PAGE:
A woman who died after undergoing a double lung transplant at the University of Michigan Medical School appears to be the first known person to contract COVID-19 from donor lungs, according to a case report published in the American Journal of Transplantation.
The case is rare and represents “the worst-possible scenario” to play out in a pandemic that has killed half a million Americans, said Bruce Nicely, chief clinical officer of Gift of Life Michigan, the state’s federally designated organ and tissue recovery program.
“To my knowledge, this is the first, and actually the only, documented transmission of COVID-19 to a recipient” from donated organs, Nicely said, noting, that Gift of Life Michigan was not involved in this donation. The transplant occurred in late October and the donor was from out of state.
The woman who underwent the transplant and the donor both tested negative for the coronavirus using a rapid polymerase chain reaction (PCR) test before the surgery, the case report details.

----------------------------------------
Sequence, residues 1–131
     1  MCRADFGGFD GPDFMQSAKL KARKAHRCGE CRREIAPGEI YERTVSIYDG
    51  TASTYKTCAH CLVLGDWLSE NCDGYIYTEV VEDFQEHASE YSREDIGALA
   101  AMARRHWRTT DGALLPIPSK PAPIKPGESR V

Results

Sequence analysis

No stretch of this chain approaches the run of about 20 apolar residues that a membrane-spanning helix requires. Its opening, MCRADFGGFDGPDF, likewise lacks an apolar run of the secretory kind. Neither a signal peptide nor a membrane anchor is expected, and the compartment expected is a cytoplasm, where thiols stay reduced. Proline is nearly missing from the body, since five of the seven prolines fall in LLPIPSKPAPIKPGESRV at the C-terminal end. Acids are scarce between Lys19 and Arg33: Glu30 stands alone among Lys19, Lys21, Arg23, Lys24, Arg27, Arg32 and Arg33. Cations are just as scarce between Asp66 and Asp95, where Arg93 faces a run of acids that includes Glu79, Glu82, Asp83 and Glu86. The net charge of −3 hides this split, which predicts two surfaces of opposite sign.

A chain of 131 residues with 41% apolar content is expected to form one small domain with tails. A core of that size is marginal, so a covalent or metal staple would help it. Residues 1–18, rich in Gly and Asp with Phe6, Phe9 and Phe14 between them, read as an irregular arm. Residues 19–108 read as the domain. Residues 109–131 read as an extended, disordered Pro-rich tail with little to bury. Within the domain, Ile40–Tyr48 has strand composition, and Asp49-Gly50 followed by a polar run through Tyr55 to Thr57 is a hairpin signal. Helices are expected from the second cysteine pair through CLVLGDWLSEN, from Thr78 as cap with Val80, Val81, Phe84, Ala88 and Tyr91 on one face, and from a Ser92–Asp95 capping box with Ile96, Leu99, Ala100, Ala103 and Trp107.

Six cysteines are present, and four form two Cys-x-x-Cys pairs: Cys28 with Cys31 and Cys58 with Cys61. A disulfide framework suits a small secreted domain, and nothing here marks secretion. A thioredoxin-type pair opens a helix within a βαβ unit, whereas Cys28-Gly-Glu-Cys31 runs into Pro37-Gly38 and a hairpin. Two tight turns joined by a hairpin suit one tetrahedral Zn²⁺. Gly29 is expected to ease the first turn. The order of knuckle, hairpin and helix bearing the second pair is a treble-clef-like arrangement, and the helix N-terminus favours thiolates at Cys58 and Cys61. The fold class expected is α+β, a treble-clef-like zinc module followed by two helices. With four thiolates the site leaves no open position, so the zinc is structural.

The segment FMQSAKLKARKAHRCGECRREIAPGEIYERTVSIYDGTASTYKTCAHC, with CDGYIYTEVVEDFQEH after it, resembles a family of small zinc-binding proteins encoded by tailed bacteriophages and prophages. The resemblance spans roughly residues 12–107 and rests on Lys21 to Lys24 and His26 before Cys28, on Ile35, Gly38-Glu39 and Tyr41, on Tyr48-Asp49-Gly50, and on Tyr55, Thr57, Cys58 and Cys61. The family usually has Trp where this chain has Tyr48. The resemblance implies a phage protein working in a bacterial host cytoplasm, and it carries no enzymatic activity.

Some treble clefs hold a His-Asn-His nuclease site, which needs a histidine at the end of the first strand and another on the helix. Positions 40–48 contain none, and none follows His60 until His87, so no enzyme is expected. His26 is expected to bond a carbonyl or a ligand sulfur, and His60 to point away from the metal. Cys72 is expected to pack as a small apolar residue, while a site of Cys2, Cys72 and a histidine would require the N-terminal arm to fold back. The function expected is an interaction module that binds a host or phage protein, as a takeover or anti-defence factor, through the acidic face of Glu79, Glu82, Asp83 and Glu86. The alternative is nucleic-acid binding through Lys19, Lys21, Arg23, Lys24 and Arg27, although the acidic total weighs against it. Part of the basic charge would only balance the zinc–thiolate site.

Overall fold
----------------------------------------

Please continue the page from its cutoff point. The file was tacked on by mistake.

Whole genome sequencing of the two women and a surgeon –who tested positive for COVID-19 days later – showed that the disease likely originated in the organ donor and spread to the recipient and the surgeon during transplantation.
“By definition, that donor was asymptomatic,” said Dr. Daniel Kaul, who is the director of the Transplant Infectious Disease Service at the University Michigan and was among the study authors. “But it’s important to recognize the donor was tested with a standard PCR and was negative, and that test was repeated on that same specimen, and was negative again.
“In most asymptomatic carriers, the vast majority — greater than 90% — would test positive.”
Click here to read more.
SOURCE: USA Today; Detroit Free Press, Kristen Jordan Shamus